The first Catholic free school in Britain is to cut its link with the Church.
St Michael’s in Camborne, the only Catholic secondary in Cornwall, opened in 2012 but the Catholic parents who set it up say they cannot afford to continue. It will now be taken over by the Camborne Science and International Academy, and will no longer have church affiliation.
Separately, the head teacher has resigned and has been investigated by the Diocese of Plymouth. It emerged this week that a number of teachers at the school raised grievances against head teacher Neil Anderson, who subsequently resigned “for personal reasons”. David Guiterman of the Cornwall branch of the Association of Teachers and Lecturers said staff wrote to the chair of governors and requested that Plymouth diocese launch an investigation, which it subsequently did. He said he had not seen the results of the investigation, which was carried out in the autumn of last year.
When it opened, St Michael’s was heralded as a new chapter in Catholic education in Cornwall, a county where the Church’s education system has always been patchy. The Department for Education bought an old grammar school as its premises, at a cost of about £700,000.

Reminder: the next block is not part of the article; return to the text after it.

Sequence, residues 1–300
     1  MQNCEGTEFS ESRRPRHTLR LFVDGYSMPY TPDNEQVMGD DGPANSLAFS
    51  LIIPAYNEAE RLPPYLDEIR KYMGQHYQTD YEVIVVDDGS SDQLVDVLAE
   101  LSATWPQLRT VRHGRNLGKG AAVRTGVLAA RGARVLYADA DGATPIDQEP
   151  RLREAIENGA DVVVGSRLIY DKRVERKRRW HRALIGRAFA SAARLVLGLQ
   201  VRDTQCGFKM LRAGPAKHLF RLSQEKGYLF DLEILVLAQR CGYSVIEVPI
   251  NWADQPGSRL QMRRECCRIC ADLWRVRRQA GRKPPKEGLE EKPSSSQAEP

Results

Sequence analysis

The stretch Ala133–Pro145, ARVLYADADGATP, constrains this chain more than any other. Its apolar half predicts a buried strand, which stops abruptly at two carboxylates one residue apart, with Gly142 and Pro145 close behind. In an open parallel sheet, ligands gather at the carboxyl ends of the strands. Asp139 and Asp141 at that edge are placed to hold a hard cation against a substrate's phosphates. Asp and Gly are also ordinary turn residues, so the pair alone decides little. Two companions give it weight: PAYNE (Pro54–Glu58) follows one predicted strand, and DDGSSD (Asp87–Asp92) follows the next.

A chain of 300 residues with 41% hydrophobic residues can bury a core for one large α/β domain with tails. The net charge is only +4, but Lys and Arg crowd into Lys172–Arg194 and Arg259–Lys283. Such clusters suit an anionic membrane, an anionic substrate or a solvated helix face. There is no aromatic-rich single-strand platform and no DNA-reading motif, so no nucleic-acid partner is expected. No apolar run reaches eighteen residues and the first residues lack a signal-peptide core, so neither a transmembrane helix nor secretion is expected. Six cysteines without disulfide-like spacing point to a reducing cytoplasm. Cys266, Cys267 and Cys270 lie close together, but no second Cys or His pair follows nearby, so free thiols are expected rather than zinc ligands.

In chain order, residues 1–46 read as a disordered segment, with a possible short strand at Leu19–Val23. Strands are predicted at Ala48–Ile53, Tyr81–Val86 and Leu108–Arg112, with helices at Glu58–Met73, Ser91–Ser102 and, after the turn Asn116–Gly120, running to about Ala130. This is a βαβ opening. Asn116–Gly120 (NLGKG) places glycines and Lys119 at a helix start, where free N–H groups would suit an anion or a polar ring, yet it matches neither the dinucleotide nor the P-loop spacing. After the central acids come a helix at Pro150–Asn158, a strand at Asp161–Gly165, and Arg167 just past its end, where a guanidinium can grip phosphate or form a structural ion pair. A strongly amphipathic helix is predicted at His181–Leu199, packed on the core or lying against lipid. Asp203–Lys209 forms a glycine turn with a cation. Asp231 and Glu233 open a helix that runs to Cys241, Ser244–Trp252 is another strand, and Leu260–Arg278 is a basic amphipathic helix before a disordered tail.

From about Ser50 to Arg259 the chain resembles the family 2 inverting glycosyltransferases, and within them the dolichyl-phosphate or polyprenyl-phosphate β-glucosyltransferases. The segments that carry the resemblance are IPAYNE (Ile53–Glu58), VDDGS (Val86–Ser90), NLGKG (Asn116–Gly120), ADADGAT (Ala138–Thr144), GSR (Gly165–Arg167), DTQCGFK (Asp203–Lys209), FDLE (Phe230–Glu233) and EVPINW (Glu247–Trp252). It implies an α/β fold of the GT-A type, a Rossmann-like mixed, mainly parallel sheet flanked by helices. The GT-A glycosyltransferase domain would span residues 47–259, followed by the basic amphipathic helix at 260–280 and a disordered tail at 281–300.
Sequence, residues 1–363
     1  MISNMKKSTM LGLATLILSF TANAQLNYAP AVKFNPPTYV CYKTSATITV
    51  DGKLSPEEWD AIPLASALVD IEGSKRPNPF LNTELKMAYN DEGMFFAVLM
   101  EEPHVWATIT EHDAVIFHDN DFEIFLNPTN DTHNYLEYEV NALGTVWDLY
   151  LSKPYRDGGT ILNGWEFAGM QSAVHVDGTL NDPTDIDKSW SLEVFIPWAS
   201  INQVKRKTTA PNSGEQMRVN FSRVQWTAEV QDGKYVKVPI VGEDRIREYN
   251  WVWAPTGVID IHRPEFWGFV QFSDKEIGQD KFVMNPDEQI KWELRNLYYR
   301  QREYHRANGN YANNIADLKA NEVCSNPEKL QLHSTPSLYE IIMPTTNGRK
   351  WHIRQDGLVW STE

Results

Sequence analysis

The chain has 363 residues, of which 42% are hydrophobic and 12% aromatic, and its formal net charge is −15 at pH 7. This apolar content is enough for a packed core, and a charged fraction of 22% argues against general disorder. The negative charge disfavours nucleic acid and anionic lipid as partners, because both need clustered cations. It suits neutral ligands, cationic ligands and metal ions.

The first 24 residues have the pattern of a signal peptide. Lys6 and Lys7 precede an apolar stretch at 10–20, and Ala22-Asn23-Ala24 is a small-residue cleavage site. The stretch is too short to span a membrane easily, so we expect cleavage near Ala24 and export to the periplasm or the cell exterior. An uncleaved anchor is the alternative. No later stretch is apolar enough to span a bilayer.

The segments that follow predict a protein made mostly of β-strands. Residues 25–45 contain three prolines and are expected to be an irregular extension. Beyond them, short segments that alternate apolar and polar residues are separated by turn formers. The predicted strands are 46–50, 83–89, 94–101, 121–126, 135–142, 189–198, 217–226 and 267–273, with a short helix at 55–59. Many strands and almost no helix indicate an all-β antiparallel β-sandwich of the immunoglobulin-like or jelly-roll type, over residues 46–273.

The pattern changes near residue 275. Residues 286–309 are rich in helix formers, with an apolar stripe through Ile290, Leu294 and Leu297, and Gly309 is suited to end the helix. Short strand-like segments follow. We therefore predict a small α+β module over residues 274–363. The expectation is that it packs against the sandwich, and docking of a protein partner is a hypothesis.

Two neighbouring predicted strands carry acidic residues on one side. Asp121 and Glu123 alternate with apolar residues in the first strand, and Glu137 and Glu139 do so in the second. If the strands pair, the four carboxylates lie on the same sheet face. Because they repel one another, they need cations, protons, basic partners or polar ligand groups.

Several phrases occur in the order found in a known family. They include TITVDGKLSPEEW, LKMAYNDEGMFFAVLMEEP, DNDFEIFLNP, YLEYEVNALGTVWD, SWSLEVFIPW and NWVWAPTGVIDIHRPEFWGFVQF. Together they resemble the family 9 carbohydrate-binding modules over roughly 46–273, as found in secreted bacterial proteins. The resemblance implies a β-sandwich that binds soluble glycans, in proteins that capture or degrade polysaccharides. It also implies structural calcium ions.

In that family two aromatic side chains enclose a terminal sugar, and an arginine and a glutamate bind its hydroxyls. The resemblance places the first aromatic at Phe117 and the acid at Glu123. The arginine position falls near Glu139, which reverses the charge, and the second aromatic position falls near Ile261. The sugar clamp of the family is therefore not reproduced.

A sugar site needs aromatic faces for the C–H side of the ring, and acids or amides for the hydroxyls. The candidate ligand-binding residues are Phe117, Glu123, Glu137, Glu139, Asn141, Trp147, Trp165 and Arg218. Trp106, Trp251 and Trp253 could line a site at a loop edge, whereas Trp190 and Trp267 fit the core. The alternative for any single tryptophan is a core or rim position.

But from the start it has been controversial, with local politicians claiming the purchase was “an absurd waste of taxpayers’ money”. Local Liberal Democrat Councillor Graham Walker said there was no demand for it, and that Cornwall already had 8,000 secondary school places that were not being taken up.
But the Catholic parents who set it up said it would increase choice, which parents in other counties took for granted.
Free schools are not usually supported because of a central cap on Catholic admissions, but because of the lack of any church schools at all in the region an exception was made for St Michael’s.
The Tablet has made attempts to contact Mr Anderson for a response.